Microsoft will continue to be a bellwether in this sector. It has already helped the cause along by aiding in the foundation of the WS-I, driving dozens of Web services specifications, continuing to build the .NET Framework, and delivering new products (such as WSE) that enable .NET Web services to implement emerging specifications. What Microsoft desperately wants, at least in terms of technology, Microsoft tends to get. If you don t think that this is the case, consider the Xbox video game system and those come-from -behind wins with Internet Explorer and the enterprise server offerings, such as SQL Server and Windows Server.
At the completion of this book, WSE is approaching its 2.0 release. In addition to the initial support for WS-Security and DIME attachments, support now exists for other large chunks of the Web services standards framework with the addition of WS-Trust, WS-Policy, WS-SecurityPolicy, and WS-SecureConversation in WSE 2.0. For early adopters, there was some churn, with the optimistic support for WS-Routing being replaced almost entirely by support for WS-Addressing.
As of this writing, Keith Ballinger, lead program manager for WSE, has advised me that besides more tools, documentation, and sample code, WSE 3.0 is expected to support the new standard WS-ReliableMessaging. WS-ReliableMessaging brings message queuing capabilities to Web services, which as I mentioned earlier overlaps with the WS-Reliability specification. WS-Reliability has, at this writing, already been submitted to the OASIS standards group by Oracle, Sun Microsystems, and Fujitsu, while Microsoft and partners have published but have not yet submitted the WS-ReliableMessaging specification for standardization. Microsoft and partners claim that WS-ReliableMessaging has been structured to work better than WS-Reliability with other specifications, such as WS-Security, but time will tell.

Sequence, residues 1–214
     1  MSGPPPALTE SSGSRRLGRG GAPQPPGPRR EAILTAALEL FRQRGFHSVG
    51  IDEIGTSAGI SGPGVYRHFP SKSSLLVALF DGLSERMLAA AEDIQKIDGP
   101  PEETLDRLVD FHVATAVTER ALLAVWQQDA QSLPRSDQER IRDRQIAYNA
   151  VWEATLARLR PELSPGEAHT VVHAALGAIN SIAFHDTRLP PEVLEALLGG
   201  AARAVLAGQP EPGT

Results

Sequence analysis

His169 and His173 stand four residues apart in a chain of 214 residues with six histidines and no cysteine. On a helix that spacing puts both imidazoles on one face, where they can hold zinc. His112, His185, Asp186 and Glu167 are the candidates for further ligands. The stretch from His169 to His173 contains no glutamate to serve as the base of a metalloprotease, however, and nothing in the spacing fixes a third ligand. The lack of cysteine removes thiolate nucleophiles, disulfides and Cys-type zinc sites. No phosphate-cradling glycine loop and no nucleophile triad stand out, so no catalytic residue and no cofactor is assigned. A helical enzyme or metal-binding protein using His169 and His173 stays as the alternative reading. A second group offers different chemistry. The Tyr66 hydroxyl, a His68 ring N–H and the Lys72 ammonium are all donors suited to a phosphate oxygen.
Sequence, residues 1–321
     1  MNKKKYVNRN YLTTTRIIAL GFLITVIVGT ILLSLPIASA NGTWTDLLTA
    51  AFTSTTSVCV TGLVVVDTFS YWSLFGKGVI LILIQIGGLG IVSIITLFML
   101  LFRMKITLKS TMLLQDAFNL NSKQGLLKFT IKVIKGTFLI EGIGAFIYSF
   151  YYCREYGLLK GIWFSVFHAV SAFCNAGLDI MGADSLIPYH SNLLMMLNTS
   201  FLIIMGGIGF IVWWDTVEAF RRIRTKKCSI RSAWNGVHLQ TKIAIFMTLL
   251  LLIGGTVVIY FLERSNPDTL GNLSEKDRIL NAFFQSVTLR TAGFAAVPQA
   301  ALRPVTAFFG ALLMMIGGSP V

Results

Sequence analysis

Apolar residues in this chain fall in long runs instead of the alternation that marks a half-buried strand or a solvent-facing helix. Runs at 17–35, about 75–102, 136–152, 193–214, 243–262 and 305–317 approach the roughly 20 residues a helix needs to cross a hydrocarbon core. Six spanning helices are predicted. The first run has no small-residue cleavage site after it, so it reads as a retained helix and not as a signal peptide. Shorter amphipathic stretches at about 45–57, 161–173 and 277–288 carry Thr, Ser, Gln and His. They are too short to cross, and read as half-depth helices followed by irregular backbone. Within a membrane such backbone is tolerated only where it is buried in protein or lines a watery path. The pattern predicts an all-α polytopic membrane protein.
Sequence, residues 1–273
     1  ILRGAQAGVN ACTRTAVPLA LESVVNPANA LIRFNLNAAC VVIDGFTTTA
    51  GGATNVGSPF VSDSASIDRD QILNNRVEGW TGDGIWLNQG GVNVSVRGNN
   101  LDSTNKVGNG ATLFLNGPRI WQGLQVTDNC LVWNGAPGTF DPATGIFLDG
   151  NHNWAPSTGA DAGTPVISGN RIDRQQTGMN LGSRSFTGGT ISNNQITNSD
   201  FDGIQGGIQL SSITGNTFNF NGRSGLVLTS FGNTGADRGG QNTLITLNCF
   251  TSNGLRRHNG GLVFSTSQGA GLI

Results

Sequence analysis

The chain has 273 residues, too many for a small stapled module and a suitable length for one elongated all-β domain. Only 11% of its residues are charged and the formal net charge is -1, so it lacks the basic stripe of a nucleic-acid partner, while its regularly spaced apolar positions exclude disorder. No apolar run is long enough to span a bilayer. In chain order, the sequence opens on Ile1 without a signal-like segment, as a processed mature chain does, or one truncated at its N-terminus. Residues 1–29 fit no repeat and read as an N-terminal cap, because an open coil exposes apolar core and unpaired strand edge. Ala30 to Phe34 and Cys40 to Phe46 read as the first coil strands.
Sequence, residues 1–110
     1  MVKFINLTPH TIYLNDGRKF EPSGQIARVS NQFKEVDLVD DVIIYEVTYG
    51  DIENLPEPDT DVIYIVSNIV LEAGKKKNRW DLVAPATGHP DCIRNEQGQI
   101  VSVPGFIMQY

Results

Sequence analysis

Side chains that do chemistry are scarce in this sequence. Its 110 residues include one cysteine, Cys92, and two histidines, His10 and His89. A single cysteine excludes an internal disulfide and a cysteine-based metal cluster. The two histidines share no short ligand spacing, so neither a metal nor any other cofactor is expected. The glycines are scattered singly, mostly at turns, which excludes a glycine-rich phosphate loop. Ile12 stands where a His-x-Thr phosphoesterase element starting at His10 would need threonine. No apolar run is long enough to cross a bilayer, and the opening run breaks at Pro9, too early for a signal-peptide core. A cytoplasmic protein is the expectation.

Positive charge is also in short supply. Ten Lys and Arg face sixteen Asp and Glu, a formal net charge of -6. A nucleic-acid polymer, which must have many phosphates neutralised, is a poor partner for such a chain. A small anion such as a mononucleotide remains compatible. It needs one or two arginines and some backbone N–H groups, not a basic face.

As to the future of DIME and WS-Attachments, as I prepare to hand in this manuscript for publication, the draft DIME specification has not been resubmitted to the Internet Engineering Task Force (IETF). With continued advancements in the SOAP with Attachments specification that I discussed in Chapter 3 coupled with this pullback from pushing DIME as an encapsulation standard, I have to wonder whether the third version of WSE will continue to support DIME and WS-Attachments and whether IBM and Microsoft will keep pushing these specifications.
With the unveiling of its technology code-named Indigo at the Microsoft Product Developers Conference 2003 in Los Angeles, it became clear that WSE is meant to be an interim solution for building secure and reliable Web services, much like the SOAP Toolkit before the advent of .NET. Microsoft introduced its first support for SOAP in the SOAP Toolkit, followed shortly by support for both SOAP and WSDL in the first release of the .NET Framework and Visual Studio .NET. At this point, it seems likely that WSE will play a similar role as the SOAP toolkit in migrating developers into the future of secure, reliable, and transacted Web services. Indigo, which Microsoft describes on their site as a new breed of communications infrastructure built around the Web services architecture is designed to provide secure, reliable, and transacted messaging along with interoperability. Since Indigo will be delivered in the next version of the .NET Framework, code-named Whidbey and introduced at the Microsoft Product Developers Conference (PDC) 2003, it will provide the infrastructure for the security, messaging and the other advanced Web services functionalities that are now only available through WSE. For more information on Indigo, see the Indigo site at http://msdn.microsoft.com/Longhorn/understanding/pillars/Indigo/default.aspx .